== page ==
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What is control structure in C++?

Control structures are one of the most fundamental concepts in C++ programming. They allow you to control the flow of execution of your code by executing blocks of code only when certain conditions are met. Some common examples of control structures in C++ include if statements, for loops, while loops, switch statements etc.

In this article, we will take a deeper look at control structures in C++. Specifically, we will cover:

  • What are control structures and why are they important?
  • Different types of control structures in C++
  • Syntax and examples of using control structures
  • Nested control structures
  • Guidelines for using control structures effectively

Understanding control structures allows you to write non-linear code that can make decisions and repeat blocks of code. This is essential for writing useful real-world applications in C++.

What are Control Structures?

Control structures or control flow statements provide the basic building blocks for controlling the flow of execution of code in a program.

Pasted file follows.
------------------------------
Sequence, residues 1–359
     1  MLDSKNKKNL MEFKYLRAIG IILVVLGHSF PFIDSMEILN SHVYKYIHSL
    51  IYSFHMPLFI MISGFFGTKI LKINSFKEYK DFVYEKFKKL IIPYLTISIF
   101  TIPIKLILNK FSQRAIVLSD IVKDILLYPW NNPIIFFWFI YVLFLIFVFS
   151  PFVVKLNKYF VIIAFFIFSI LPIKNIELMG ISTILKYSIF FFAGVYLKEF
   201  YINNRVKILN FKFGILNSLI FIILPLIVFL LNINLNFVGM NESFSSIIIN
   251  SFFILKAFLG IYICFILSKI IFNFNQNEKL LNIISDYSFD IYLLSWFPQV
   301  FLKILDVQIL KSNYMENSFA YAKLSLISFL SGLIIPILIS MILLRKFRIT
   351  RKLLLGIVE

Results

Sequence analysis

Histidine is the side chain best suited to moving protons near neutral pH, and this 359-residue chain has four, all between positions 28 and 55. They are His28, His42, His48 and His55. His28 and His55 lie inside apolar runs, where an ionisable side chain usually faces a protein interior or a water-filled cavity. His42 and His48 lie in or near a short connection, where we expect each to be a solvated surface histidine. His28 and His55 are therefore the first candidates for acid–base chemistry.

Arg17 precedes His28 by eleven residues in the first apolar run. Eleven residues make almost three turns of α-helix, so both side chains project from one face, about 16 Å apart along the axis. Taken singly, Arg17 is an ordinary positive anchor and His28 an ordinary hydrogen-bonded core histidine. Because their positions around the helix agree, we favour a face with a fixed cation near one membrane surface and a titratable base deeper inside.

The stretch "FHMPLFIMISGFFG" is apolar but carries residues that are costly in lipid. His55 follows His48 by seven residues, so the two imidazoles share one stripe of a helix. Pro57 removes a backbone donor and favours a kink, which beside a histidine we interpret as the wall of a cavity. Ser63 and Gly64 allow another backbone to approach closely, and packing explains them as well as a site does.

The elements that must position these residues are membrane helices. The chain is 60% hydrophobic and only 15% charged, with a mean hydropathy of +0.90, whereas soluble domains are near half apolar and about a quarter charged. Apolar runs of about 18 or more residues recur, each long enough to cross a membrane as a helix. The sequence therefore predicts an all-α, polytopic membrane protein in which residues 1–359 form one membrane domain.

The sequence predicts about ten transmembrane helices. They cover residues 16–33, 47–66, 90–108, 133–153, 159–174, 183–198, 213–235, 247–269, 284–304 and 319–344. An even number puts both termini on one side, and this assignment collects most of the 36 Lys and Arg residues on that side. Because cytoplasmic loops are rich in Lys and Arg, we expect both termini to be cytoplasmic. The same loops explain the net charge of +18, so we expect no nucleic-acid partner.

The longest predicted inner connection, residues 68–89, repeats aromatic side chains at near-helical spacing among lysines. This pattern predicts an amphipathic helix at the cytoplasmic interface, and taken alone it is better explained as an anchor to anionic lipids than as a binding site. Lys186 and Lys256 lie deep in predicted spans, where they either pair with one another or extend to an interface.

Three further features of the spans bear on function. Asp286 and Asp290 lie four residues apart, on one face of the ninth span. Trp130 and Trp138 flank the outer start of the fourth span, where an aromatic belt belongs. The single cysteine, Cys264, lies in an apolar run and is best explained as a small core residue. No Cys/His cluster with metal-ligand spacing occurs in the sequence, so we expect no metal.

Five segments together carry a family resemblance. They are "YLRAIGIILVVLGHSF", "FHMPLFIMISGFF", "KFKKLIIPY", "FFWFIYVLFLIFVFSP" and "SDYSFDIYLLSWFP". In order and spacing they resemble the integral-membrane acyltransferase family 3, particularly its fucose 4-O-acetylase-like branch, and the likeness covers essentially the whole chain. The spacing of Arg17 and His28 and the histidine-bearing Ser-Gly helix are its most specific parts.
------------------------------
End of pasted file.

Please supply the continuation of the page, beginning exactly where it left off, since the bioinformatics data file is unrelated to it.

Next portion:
Some key points about control structures:

  • They allow you to execute code selectively based on specific conditions.
  • They allow you to repeat execution of code (iteration).
  • They allow you to jump the flow of execution (branching).
  • They control the order in which code statements are executed.

Without control structures, code would execute sequentially from top to bottom. Control structures provide the power to truly control the flow of logic in a program.

Some common examples in C++ include:

  • if statements – Execute code if a condition is true
  • else statements – Execute code if the condition is false
  • switch statements – Select one of many code blocks to execute
  • for loops – Repeat code a certain number of times
  • while loops – Repeat code while a condition is true
  • do while loops – Same as while loop but test condition after executing code block

We will explore the syntax and usage of these control structures in detail later in this article.

Why are Control Structures Important?

Control structures are one of the fundamental building blocks of programming. Here are some reasons why they are so important:

  • They allow you to control the flow of your program and make decisions.
  • They enable repeating chunks of code for iteration.
  • They allow you to write non-linear code instead of just sequential steps.
  • Without control structures, programs would be very limited and not very useful.
  • Control structures let you implement complex logic and algorithms.
  • They are present in pretty much every useful programming language.

As a C++ programmer, having a good grasp of control structures is essential to writing efficient and readable code. Mastering control structures takes you from writing simple procedural programs to fully-featured applications.

Types of Control Structures